Over the past 15 years, SCW has been working on 15 projects in 8 provinces, in order to address the challenges faced by the Cambodian population, mainly
- Poverty & Effects of Climate Change: caused by unsustainable and insufficient access to natural resources
- Social Injustice: due to limited application of a rights-based-approach and participation from rights holders and duty bearers
Read about SCW’s current projects here and read a short introduction about each province below.
Kratie is located in the north-east of Cambodia, around 290km from Phnom Penh. In the south, it borders with Vietnam. The Mekong river flows from north to south through this province.
Kratie has a total population of around 340,000. It has one of the lowest population density in Cambodia with 29 people / km2. Around 70% of the population live near or right by the riverbanks along the Mekong.
The province is renowned for its diverse biodiversity. In Kratie the rare Irrawaddy dolphins can be seen. The climate in the province is tropical – both warm and humid. The monsoon season enables the seeding of a large variety of crops.
Over 80% of Katie’s population works in the agricultural sector. Most harvested products are rice, agro-industry plantations such as rubber, cassava, cashew nuts and corn. Also mining for stone and gold is important in Kratie. Alongside from labour in the primary sector, eco-tourism is increasing in this province.
Around 70% of the population are literate in this province (Cambodia’s average is 77%). Kratie suffers from a shortage of midwives. Improving this, maternal mortality and child mortality under 5 years old could be reduced.
Stung Treng Province
Stung Treng is situated in the north of Cambodia. It borders with Laos and is around 400km away from Phnom Penh.
Approximately 117,500 people live here. The entire province is very thinly populated with 10 people / km2, making it the second lowest populated province of Cambodia.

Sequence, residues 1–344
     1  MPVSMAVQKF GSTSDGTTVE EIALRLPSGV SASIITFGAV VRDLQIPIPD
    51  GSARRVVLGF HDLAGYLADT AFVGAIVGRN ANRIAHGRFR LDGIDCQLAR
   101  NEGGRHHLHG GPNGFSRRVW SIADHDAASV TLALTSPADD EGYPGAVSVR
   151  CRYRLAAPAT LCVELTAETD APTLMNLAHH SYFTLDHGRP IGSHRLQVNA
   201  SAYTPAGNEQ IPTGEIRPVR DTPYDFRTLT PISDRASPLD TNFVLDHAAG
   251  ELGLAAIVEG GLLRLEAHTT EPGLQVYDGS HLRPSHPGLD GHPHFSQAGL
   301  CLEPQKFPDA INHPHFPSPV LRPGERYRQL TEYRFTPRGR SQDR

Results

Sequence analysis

Stung Treng has three major rivers flowing through the province – Mekong, Sekong and Sesan. This province is more mountainous and has more plateaus than other provinces.
Approximately 80% of the population are employed in the agricultural sector. Major crops include rice, mangos and cassava. The fishing industry has the highest density of all inland provinces.
Due to poor access to health, child mortality and overall mortality are very high in this province. Stung Treng’s falls also under the national average of literacy. In July 2018, a hydroelectric dam collapsed in the neighbouring Laos, causing a severe flooding disaster in the entire area and impacting the livelihood of the people in this region.
Ratanakiri is situated in the far north-east of Cambodia, bordering Vietnam and Laos. Its’ biggest city Banlung is around 500km away from Phnom Penh.
Approximately 140,000 people live in Ratanakiri. The entire province is very thinly populated with 14 people / km2. Of the 20 different ethnic minorities in Cambodia, eight live in Ratanakiri. A total of 75% of its total population belongs to these minority groups.
Ratanakiri is well known for Virachey National Park. The rivers Sesan and Srepok flow through this province. Biologists claim that Ratanakiri is one of the most biological diverse areas of Southeast Asia.
Much of the labour of the indigenous residents is self-sufficient farming and related to forestry work. Most of its agro industry is rice, cassava, cashew nuts and rubber. In the past years, eco-tourism has been booming in this province.
Ratanakiri faces high risks of climate change. Additionally, this province has the poorest statistics related to health in the whole of Cambodia: high child mortality, insufficient access to health facilities and lack of midwives. Also Ratanakiri has the highest illiteracy rate with only slightly under 40%.